a critiQal film review 50 First Dates (2003)

Plot: Lucy (Barrymore) was in a car accident a year ago. Because of this accident she loses her short-term memory every night when she goes to sleep. Henry (Sandler) meets Lucy one day in a restaurant and begins to fall in love with her. Now he must try to get Lucy to fall in love with him all over again every day.

Reviewed
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  • ...the odd Barrymore/Sandler team-up works again in this touching comedy.

Reid and I first saw the previews for 50 First Dates and I wanted to see it immediately, but he was very skeptical. Our local Blockbuster® was having a deal, so we decided to go and see what they had on the shelves.

When I saw 50 First Dates I immediately grabbed it (whether he liked it or not). Turns out he didn’t mind, so it became one of the three we decided on (along with Mystic River (2003) and You Got Served (2004)). So, would Reid be right and The Wedding Singer was the tops for Drew and Adam together…or was it just the beginnings of greatness for this duo?

Drew Barrymore made her character very believable in a role that could be tougher than she’s used to. Since her character has short-term memory loss, she has to convince the audience that she doesn’t remember anything from the day before, while at the same time being funny and romantic with co-star Adam. While this seems like it could be tough to do, Barrymore makes it look easy.

Sandler is also great in 50 First Dates. He plays a similar character to his Wedding Singer performance, in that he is still trying to get the girl to fall in love with him despite major obstacles (in The Wedding Singer she was getting married, here she doesn’t remember him from day to day). He always seems to do really well in the romantic comedy roles and Adam has great on-screen chemistry with Drew.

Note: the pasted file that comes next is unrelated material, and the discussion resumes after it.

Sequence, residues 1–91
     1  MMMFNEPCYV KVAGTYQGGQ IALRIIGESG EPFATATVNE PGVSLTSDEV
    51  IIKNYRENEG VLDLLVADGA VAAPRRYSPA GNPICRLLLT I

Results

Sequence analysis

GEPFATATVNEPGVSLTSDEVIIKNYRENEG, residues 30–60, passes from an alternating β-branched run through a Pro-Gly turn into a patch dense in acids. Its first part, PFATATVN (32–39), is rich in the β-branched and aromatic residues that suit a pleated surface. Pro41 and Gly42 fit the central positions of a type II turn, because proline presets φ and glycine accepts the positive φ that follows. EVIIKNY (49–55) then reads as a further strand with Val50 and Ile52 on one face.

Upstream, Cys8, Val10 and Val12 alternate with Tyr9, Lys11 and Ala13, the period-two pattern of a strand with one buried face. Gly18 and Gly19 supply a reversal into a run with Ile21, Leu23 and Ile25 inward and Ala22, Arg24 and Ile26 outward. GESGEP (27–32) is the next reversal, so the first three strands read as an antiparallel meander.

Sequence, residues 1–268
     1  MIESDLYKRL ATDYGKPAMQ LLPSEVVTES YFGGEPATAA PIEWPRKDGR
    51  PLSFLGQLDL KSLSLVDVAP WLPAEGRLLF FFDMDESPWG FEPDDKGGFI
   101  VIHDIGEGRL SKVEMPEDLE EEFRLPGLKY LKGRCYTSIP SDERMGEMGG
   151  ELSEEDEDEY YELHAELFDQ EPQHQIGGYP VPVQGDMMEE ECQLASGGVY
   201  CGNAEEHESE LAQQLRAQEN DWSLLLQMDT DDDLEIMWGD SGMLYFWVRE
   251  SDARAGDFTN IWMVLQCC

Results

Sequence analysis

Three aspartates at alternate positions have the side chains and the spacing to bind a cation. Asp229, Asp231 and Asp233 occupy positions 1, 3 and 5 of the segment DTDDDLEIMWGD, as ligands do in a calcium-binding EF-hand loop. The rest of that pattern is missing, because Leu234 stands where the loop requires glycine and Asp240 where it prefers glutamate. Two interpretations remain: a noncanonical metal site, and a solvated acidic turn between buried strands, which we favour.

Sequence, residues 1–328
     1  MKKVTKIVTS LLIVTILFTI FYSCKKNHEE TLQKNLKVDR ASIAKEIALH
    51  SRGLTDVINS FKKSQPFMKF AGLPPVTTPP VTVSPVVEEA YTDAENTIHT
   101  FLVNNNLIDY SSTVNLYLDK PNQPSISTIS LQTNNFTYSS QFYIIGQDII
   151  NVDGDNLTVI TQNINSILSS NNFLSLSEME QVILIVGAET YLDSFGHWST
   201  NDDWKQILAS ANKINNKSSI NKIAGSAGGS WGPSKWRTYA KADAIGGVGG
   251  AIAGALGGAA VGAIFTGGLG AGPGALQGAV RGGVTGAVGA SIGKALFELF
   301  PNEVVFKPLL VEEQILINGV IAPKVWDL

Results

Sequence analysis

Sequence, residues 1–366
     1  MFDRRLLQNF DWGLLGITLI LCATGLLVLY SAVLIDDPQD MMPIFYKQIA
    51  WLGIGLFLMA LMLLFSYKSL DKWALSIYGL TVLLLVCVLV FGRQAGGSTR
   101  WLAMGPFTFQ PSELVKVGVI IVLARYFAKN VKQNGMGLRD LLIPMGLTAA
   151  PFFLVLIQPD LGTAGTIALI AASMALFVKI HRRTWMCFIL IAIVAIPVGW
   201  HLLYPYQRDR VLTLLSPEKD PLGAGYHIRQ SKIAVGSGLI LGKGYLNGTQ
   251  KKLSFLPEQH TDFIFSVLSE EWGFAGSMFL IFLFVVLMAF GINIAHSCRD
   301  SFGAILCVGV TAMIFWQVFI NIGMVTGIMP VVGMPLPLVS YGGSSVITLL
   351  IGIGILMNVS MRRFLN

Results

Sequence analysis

The plot was very well written for 50 First Dates. It took a tough subject of short-term memory loss and created a touching romantic comedy out of it. Unlike what one would expect, it doesn’t abuse the subject just for the sake of comedy, rather it tries to show that love can conquer any obstacle. Because it’s not trying to make fun of the subject, it stands out as one of the better romantic comedies of recent years.

It probably would’ve been easier for the writers to just poke fun at Lucy’s illness, like movies such as Shallow Hal (2001) or Stuck On You (true, these aren’t mental illnesses but these movies exploit afflictions for the sake of laughter). Instead, it works with the illness to create a much better film.

All in all this was a very well written film, with a great storyline for even the guys to enjoy (Reid enjoyed the film too). It’s at times touching and romantic, but yet has the comedic relief (mostly in the form of animals and Rob Schneider’s character) thrown in to lighten the mood occasionally.

True, some of the jokes fall flat and they tend to poke a bit too much fun at chemical dependencies (Schneider’s character is a pot head and Lucy’s brother is hooked on steroids), but overall 50 First Dates is a truly enjoyable film for everyone. If you enjoyed The Wedding Singer, you can’t miss this great film.

Hey, maybe you can even rent 50 First Dates on your first date…and hopefully the 49+ yet to come.

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